I was so proud this morning: I had a little plan for my day! I was heading to tour the Capitol Building and the Teatro, and then meander down the little park running down the middle of the boulevard in front of the Capitol and browse more closely the stunning artwork I glimpsed in passing on Saturday.
[Editor’s note: I just reread this entry and it doesn’t come off as very chipper, so maybe skip it]
*clears throat* turns out no buildings are open for touring on Lunes (Monday, today) AND, atleast at 10am, there wasn’t a lick of artwork in sight. All this came hot on the heels of the street vendor lady over charging me for my pan con queso y café (sin leche because there wasn’t any). Of course, when I say over charging me, I ended up paying 0.50CAD instead of 0.25CAD. But it’s the principle. I bravely argued with her a bit but her Spanish just got faster and louder and she had the advantage of simply refusing to give me correct change. A bit of a disappointing morning.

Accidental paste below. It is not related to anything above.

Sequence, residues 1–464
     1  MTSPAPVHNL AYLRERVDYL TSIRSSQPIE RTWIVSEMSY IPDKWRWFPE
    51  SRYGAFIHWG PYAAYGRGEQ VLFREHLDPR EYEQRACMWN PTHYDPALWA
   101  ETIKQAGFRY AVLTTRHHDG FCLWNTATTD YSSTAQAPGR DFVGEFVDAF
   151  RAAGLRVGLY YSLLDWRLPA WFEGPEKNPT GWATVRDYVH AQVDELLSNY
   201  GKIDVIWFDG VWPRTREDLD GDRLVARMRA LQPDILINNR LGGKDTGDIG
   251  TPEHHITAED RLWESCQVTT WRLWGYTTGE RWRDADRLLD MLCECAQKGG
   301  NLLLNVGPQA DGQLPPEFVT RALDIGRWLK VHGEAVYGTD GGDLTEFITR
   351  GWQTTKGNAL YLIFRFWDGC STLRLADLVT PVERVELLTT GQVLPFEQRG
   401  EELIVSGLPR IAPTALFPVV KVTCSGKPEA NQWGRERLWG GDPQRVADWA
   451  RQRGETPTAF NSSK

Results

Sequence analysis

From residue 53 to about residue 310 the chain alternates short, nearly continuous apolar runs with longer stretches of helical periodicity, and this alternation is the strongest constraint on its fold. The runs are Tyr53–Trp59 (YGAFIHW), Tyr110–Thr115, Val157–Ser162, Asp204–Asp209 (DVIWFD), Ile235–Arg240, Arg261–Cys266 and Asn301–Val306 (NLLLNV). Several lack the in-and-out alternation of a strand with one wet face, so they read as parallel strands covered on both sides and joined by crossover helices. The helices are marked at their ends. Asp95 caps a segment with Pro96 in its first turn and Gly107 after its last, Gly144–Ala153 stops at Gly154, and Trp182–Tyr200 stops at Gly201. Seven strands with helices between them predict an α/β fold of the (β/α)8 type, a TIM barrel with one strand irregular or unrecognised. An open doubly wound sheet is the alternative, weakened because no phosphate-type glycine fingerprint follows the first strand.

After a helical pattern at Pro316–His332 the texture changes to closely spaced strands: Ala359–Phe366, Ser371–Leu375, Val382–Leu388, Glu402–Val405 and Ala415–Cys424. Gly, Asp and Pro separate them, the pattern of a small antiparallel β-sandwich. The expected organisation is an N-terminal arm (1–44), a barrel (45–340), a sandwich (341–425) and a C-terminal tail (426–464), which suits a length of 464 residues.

Anyway,I let it all go and got on the Hop-On Hop-Off City Tour Bus. This is not a bad deal in Havana. 10CAD to ride your chosen route all day. It takes you to to all the further out destinations (Independence Square and the Necropolis). Walking it would be a situation.
I got off at the Cementario de Colon because I adore graveyards. Especially Latin American ones, usually. This time… skip the next paragraph if another diatribe against the Cuban .. “system” is too much.
First things first, I am charged 5CAD to walk around the graveyard. At first this didn’t bother me so much. All of Cuba is a money grab and frankly it wasn’t so different in Chile or Bolivia. It wasn’t until I was walking around and it became apparent to me that the cemetery was an allegory for the current Cuban government that I started to get testy. The government is charging me for walking around structures that they didn’t build, and are not just doing an atrocious job of maintaining, but I suspect are actively pillaging! A little cheeky but in line with the rest of Havana. People come here to admire the architecture, all of which was designed and financed by foreigners. The only contribution from the communist regime is the severe decrepitude and impressive inconveniences.